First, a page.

The new movie "I'm Not There" could have been called "The Six Degrees of Bob Dylan."
Director and co-writer Todd Haynes cast six different actors to play the music icon, each portraying a specific phase in his life and career.
Haynes recently appeared on ABC News Now's "Popcorn" with Rolling Stone's Peter Travers to discuss the making of the film.
The inspiration for the film came when Haynes re-discovered Dylan, specifically the previously-unreleased "bootleg" recordings now available as the "Basement Tapes" on CD.
"That was a revelation. There were so many cool things that I was finding," he said. "This is a guy who would enter into a phase completely and just become identical to it and then exhaust it and move on, often to the seismic protests of his fans."
Haynes is quick to point out that other artists like David Bowie and Madonna have reinvented themselves to the delight of fans, but he said that Dylan's changes were about more than just his "look."
"There was a deeper kind of social repercussion to the change because people so deeply identified with each of the positions he held and they resonated in the political climate of the time and the social feelings of the time," he said.
And so Haynes cast six different actors to portray the star during his many changes.
"I just assumed that nothing like this had ever been proposed before and then of course if Dylan was going to say yes to someone making a movie about him it would have to be unorthodox," Haynes said.
Haynes then turned to Jeff Rosen, Dylan's longtime manager, and Jessie, Dylan's son, to pitch his idea. He didn't expect Dylan to agree with his ideas.
"Jeff said, 'Look, write it down on one sheet piece of paper, very simple, one line description for each of the characters ... but don't use the word voice of a generation and don't say genius, maybe don't even say Dylan,'" Haynes recalled.
The director wrote his proposal according to Rosen's standards (and maybe even beyond since he doesn't even mention Dylan by name in the movie) and waited.
Please click here to read Peter Travers' Rolling Stone review of "I'm Not There." "[Dylan] read the [proposal,] he looked at some of my films which we sent along with the proposal, and two months later he called Jeff and said, 'You liked these guys, let's give them the rights,' and this included life rights and music rights," Haynes said.
At that point Dylan turned creative control of the film completely over to Haynes.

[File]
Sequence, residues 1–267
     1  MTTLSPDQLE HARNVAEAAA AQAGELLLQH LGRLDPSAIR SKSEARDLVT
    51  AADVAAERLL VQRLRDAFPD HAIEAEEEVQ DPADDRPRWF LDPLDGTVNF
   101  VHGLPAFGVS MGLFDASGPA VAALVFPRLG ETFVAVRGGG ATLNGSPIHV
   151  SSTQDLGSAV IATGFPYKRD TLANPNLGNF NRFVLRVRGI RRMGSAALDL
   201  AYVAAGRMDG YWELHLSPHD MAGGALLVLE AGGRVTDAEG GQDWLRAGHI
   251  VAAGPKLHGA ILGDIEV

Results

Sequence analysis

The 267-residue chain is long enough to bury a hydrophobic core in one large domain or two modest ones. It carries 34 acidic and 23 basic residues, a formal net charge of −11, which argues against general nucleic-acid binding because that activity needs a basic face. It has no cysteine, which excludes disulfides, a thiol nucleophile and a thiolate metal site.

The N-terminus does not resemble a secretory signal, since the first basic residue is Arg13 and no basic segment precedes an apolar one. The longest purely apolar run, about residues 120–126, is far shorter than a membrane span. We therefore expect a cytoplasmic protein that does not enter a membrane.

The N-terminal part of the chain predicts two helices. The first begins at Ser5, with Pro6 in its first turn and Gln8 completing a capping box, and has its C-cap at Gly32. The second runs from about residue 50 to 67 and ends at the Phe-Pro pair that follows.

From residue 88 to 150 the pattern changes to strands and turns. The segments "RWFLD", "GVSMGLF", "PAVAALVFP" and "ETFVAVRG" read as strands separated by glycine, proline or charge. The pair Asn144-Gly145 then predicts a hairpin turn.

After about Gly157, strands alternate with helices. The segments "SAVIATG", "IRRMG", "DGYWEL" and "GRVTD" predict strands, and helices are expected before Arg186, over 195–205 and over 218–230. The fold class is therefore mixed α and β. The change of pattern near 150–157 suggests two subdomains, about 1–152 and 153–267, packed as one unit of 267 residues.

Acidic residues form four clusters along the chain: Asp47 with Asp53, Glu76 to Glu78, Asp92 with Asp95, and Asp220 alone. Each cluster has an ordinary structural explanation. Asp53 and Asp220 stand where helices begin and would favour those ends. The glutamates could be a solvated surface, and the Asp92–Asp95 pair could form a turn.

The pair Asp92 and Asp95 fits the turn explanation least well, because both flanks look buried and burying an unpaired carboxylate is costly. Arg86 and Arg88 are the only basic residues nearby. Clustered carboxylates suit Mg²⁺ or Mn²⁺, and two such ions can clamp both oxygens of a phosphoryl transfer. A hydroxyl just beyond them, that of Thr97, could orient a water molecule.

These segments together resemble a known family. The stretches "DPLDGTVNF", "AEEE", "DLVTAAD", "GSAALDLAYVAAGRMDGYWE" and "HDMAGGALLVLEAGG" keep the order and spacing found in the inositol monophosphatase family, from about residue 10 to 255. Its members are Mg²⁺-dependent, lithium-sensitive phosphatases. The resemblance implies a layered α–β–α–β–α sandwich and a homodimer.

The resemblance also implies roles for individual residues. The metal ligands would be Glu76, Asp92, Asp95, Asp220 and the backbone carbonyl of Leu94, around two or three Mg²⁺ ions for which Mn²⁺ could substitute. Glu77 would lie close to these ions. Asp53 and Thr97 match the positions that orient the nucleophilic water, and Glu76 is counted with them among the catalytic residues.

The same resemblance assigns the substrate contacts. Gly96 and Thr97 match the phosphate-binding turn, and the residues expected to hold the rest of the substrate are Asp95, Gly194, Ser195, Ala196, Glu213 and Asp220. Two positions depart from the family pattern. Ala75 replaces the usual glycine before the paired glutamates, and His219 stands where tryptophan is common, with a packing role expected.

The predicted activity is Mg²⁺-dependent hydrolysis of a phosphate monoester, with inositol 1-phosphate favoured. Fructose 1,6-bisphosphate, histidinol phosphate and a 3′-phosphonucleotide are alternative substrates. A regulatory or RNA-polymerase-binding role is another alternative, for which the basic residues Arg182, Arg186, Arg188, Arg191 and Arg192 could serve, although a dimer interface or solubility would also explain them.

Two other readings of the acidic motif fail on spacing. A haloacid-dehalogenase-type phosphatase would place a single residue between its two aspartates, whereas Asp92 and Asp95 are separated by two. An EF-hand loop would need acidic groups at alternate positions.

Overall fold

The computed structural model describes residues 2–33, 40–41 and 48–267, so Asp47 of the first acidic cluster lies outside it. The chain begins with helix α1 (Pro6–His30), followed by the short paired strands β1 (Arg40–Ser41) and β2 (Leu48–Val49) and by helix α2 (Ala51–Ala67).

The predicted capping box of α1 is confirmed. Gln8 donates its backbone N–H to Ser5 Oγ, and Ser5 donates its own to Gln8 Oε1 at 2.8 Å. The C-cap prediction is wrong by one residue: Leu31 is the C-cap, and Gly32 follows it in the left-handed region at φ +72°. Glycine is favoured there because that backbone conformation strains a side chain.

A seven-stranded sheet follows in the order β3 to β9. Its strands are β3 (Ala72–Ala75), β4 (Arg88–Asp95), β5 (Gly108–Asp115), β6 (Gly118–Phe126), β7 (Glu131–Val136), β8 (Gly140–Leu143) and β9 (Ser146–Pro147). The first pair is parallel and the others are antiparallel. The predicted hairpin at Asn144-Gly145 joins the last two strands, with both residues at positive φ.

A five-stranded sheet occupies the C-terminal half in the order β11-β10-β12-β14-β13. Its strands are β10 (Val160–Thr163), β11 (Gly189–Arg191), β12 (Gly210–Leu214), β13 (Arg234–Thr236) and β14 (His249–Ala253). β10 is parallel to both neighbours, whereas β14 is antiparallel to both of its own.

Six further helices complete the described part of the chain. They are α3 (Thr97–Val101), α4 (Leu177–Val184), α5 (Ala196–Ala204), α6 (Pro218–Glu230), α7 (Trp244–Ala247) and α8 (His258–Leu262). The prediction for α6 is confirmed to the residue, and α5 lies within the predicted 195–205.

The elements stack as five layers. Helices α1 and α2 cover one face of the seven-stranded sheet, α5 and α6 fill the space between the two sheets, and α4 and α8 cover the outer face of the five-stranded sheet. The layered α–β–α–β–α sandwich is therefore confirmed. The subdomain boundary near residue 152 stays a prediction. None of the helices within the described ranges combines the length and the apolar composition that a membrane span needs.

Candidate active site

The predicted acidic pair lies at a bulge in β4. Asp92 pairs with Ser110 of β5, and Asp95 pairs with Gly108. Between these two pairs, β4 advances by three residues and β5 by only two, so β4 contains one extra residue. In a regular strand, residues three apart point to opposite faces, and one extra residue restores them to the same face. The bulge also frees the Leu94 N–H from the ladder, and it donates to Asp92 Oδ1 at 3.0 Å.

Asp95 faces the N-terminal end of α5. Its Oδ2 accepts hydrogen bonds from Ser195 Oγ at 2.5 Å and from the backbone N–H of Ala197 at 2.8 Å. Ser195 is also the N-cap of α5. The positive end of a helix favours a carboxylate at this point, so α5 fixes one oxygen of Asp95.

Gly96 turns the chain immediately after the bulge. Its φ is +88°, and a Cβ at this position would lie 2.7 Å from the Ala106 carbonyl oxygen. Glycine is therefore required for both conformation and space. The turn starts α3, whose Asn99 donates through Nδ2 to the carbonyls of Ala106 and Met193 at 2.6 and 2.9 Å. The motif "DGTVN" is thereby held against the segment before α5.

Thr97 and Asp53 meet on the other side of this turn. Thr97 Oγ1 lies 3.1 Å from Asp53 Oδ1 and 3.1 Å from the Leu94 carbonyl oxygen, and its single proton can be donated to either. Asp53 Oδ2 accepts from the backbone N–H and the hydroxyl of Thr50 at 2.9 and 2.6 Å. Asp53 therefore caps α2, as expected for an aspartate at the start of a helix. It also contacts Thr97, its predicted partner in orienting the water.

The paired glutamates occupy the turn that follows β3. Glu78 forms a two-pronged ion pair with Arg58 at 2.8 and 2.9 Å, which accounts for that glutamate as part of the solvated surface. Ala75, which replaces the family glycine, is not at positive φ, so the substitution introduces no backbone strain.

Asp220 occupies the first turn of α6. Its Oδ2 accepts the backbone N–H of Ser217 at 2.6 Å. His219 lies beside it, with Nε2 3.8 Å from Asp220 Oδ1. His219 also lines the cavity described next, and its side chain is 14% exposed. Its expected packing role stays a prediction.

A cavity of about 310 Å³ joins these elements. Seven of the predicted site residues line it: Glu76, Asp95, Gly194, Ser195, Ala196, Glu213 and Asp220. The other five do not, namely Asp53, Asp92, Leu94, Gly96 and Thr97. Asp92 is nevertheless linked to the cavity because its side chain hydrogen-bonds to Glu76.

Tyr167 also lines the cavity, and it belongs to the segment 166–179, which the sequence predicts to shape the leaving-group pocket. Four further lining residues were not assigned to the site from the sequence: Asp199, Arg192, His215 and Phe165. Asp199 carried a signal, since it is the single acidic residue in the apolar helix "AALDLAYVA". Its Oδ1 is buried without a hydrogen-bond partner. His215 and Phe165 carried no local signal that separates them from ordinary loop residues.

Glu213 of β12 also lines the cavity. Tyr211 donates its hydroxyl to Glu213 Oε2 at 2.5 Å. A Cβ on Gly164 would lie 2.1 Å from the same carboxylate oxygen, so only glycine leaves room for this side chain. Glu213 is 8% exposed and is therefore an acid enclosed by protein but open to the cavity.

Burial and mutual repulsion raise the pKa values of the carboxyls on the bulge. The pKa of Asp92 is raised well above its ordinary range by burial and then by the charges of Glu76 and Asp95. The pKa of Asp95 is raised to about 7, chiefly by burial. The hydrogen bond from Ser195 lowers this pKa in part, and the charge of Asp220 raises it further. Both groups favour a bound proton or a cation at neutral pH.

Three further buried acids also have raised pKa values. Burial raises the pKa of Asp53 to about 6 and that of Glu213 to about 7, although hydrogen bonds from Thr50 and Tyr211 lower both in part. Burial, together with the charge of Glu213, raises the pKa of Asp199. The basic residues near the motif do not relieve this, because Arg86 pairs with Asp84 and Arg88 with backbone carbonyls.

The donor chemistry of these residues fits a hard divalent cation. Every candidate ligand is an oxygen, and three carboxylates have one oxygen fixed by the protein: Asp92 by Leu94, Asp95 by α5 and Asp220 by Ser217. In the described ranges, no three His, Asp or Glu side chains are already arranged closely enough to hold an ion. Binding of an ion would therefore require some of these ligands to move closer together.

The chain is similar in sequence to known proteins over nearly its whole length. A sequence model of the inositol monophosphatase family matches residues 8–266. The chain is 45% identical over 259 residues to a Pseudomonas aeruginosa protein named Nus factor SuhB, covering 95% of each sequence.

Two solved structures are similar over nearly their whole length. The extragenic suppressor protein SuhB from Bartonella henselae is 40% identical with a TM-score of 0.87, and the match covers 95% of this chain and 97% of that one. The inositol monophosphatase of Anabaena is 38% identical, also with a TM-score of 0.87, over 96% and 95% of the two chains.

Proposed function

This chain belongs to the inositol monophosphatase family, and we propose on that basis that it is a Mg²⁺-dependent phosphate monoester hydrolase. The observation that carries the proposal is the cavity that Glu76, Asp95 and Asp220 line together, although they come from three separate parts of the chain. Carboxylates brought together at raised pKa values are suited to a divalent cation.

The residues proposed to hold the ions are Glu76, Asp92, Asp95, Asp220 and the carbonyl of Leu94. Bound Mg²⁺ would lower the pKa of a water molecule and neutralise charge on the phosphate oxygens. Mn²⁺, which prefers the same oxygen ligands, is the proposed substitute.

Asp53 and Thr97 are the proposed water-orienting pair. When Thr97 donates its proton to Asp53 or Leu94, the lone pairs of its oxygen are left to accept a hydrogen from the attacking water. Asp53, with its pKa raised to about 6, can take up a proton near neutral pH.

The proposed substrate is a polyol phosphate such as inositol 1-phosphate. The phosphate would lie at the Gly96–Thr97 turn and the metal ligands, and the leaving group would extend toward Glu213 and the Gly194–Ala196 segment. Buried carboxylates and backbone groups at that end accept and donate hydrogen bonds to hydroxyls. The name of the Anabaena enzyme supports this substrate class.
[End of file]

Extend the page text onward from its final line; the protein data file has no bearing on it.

The first actor to portray one of Haynes' interpretations of Dylan is Marcus Carl Franklin in the role of Woody, a young African-American wandering from place to place with a guitar.
Next up is "Batman Begins" star Christian Bale.
"[Bale] plays Jack Rollins, which is the Dylan of the early folk and protest period," Haynes said. "Then he morphs and ... comes back in a completely different form, " Hayes said. "Later in the film, we find whatever happened to Jack Rollins, this famous folk icon who disappeared at the height of his success."
Ben Whishaw plays the third stage of Dylan, a poet named Arthur who is being interrogated against a white wall.
"He almost serves as the film's unofficial narrator because we keep coming back to this image of Ben against that wall and this is Arthur as in Arthur Rimbaud, the French symbolist poet who Dylan was definitely influenced by," Haynes said.
Dylan then takes the form of an actor, played by Heath Ledger.
"His name is Robby Clark and he's like a counterculture actor during the Vietnam years," Haynes said. "But it's really about how a famous person in he public eye with a unique following balances that life with a private life."
The fifth portrayal is getting the most buzz.
"The next Dylan ... is the electric Dylan whose character is called Jude Quinn," Haynes said.
Jude Quinn is played by Cate Blanchett -- a woman.
"The reason I cast a woman to play Jude was because Dylan had once again transformed into something even more extreme than the Dylan of, let's say, 'Don't Look Back,'" he said.
Haynes believes that audiences will accept the glamorous Blanchett's turn as Dylan.
"The resemblance is uncanny and the performance is just subtle and witty and full of humor and play and then it gets laden with the sort of shadow, the weight of the kind of life that Dylan is leading at this time," he said.
Perhaps just as controversial is the last installment in the movie that showcases Dylan's return to country music.
"That seemed like the first political betrayal of Dylan's career. People thought he turned conservative because country music wasn't cool," Hayes said.
Many have questioned the director's choice to cast heartthrob Richard Gere as this portrait of Dylan.
"I wanted to cast an older movie star who carried in the lines of his face a minihistory of American film," he said.
What Does It All Mean?
While avid Dylan fans may be able to make perfect sense of "I'm Not There," many may fear the six different portrayals might throw off those less familiar with his music.
But Haynes has some advice for those who will be experiencing Dylan for the first time with his film.
"I think in some ways they almost have an easier time if they're open to something new ... because each of these stories are familiar genres in and of themselves -- the rock and roll rebel, the documentary about a famous star who has disappeared ... the struggle of private and public life," Haynes said. "And what's amazing about Dylan is when you try to distill him down into types like this, you end up with this truly American tapestry. All of these instincts and roots that he embodied are really deeply American traditions that he completely became and left behind."